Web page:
Interactions of Carbon in a Repository Environment

Interactions of Carbon in a Repository Environment

Kienzler, B.; Metz, V.; Kelm, M.; Nebelung, C.; Baraniak, L.

Release and migration of 14C cannot be treated independently from the bulk of inorganic and organic carbon waste components in a repository. 14C is mainly produced by (n,p) reaction from 14N. Important sources of 14C is zircalloy (according ASTM standard Nmax: 65 ppm), the fuel (N contamination and ternary fission) as well as some other reactor components. In Germany, spent fuel elements from High Temperature Reactors (HTR) will contribute also to the total 14C load of a radioactive waste disposal. Additionally, organic materials containing 14C markers, metals containing 14C as carbides and other low level waste forms containing 14C in carbonates or in ashes have to be taken into account.
14C in graphite from spent HTR fuel elements is nearly immobile. Other waste forms may release 14C in a large variety of inorganic and organic species. Reactions of carbides with water/brine produce methane or acetylene gas. By microbial reactions, organic 14C can be transformed into gases 14CO2 and 14CH4.
Interactions of HTR fuel with brines were investigated at FZJ. At FZK-INE and FZR, various experimental and theoretical investigations have been performed in order to quantify the release of this isotope.
Limiting the concentrations of (bi-)carbonates in solution results in a low actinide solubility, especially at high pH. For this reason, at WIPP, a Mg bearing backfill material (periclase, MgO) is added to the wastes in order to keep the concentration of HCO3-/CO3 2- at a minimum. For the Asse salt mine, a backfill material was proposed by FZK-INE. This material consists mainly of brucite (Mg(OH)2(s)) and sorel phases (Mg2x(OH)(2x-1)Cl·4H2O(s)). Various experimental and modelling studies were carried out to determine the stability of the Mg(OH)2(s)-based material in the relevant brines, formation of the reaction products, and the effect of the material on actinide solubility in the case of carbonate-input to the brines. Experimental findings are in agreement with the modeling predictions. By precipitating carbonates from solution, an isotopic exchange effect will occur, which will control the 14C concentration in solution.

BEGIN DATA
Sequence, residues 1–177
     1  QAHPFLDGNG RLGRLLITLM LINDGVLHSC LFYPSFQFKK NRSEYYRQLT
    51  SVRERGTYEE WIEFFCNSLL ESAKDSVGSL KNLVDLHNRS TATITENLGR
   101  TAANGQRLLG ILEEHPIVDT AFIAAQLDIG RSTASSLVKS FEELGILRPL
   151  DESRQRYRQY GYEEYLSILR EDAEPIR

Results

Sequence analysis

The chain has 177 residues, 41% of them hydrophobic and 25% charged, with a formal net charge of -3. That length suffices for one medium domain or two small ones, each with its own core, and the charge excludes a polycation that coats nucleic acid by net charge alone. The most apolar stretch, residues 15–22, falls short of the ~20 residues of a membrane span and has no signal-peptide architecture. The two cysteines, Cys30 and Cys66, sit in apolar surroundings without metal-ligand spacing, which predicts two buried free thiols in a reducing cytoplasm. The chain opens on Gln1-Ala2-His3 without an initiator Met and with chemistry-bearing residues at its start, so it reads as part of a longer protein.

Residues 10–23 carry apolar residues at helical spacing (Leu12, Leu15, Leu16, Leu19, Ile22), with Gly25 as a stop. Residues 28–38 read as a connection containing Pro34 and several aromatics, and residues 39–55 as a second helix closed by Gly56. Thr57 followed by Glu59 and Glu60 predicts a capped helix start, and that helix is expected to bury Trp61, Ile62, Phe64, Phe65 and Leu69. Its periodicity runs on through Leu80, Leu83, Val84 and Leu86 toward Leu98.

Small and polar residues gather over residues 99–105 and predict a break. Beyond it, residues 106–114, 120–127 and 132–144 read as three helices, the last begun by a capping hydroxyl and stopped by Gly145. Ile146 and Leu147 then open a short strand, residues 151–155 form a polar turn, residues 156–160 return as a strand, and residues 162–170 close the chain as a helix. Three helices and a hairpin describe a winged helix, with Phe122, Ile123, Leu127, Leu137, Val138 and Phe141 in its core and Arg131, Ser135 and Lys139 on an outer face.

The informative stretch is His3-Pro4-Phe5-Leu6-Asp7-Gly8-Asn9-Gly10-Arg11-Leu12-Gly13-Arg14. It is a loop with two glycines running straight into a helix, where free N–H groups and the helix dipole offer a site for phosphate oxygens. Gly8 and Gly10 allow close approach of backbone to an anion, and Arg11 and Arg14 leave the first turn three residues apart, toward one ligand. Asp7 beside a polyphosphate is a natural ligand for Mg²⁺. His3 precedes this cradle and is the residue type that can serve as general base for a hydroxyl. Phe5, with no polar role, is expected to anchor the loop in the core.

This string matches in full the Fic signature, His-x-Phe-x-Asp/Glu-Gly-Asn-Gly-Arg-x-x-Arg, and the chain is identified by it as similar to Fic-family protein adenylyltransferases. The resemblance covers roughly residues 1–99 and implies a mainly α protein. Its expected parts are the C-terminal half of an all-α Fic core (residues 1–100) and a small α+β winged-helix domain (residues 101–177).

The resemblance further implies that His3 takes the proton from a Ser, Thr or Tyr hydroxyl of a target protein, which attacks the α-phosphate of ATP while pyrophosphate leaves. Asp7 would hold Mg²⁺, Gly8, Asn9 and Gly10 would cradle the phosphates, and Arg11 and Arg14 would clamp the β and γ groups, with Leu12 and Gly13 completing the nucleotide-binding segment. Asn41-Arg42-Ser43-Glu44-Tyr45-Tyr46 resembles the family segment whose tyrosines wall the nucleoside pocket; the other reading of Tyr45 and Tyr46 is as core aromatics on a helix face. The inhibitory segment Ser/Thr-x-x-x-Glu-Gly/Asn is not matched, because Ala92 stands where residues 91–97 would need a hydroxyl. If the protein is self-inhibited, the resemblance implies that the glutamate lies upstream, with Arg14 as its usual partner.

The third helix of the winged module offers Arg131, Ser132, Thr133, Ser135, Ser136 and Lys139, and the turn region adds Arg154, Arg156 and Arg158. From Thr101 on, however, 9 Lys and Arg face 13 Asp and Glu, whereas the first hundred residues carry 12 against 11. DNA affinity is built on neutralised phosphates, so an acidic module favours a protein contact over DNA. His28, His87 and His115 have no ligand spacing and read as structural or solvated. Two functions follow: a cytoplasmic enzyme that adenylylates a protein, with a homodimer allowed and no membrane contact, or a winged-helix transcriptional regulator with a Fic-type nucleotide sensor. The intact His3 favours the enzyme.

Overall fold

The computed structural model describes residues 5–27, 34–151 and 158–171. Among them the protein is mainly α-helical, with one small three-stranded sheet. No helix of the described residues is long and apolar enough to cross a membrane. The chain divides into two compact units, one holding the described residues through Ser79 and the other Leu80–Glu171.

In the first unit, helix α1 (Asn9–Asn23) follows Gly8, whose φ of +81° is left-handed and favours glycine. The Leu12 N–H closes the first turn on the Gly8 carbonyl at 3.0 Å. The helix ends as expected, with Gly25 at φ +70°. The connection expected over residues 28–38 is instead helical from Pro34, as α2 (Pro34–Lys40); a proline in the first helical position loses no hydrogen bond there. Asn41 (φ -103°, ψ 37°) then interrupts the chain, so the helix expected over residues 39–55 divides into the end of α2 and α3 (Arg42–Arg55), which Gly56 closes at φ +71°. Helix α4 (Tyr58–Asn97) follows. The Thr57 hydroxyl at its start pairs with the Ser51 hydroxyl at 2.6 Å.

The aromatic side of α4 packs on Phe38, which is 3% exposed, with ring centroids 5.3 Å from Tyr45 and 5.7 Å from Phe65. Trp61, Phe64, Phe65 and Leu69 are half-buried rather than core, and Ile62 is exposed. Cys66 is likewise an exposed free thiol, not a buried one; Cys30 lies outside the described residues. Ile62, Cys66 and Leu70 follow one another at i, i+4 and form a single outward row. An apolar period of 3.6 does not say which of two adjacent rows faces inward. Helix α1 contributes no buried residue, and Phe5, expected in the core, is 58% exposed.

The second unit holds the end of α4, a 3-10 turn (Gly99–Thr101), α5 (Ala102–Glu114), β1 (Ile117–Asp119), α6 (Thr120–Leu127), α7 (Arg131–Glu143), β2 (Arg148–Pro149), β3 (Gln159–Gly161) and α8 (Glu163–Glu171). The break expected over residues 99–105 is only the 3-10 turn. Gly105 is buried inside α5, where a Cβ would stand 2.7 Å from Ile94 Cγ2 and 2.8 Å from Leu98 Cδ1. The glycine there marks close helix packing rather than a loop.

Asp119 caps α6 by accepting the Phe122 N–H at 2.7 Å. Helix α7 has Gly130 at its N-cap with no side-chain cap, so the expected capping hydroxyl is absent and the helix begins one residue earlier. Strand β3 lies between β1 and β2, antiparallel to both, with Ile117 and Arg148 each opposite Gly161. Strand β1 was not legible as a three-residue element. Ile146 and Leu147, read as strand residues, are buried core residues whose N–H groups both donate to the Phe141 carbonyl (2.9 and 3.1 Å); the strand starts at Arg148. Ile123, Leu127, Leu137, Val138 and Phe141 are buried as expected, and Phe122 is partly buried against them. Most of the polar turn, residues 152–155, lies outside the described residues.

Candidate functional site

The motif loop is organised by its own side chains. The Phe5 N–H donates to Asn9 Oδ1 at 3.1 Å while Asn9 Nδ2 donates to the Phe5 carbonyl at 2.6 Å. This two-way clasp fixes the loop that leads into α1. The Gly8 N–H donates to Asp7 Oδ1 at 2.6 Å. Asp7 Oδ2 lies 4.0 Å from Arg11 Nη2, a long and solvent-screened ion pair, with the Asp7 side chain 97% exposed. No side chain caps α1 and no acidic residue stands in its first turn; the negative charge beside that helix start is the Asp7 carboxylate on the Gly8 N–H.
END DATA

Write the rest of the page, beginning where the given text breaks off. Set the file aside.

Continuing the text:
For the ERAM system, sorption of 14CO3 2- onto salt concrete, sorel concrete and other backfill materials was investigated. For all materials under investigation, sorption showed distinct time dependences. The weakest sorption was observed in case of salt concrete. Sorel phases reduced the 14C concentration by more than 2 orders of magnitude during a 0.5 yr. period. Since the studied backfill materials contained to some extent solid carbonates, the retention process can be explained by isotopic exchange.
Sorption of methane (CH4) onto the backfill materials was investigated by contacting a brine/backfill slurry with the gas. The tests were performed by monitoring the concentration of gaseous CH4 in a mixture with a noble gas (Ar) which does not react with slurry components. The analysis of experimental results shows that the ratio of CH4/Ar remains constant within a deviation of 5%. Consequently, the total methane sorption onto the studied backfill materials remains below 0.2 mmol CH4/kg solid material.

Keywords: 14C; carbonate; methane; Asse; ERAM; migration; Release; carbon waste; HTR; fuel; brines; brucite; sorel phases; sorption; retention process

  • Lecture (Conference)
    14C Workshop NAGRA, Wettingen27-28.10.2003

Publ.-Id: 5856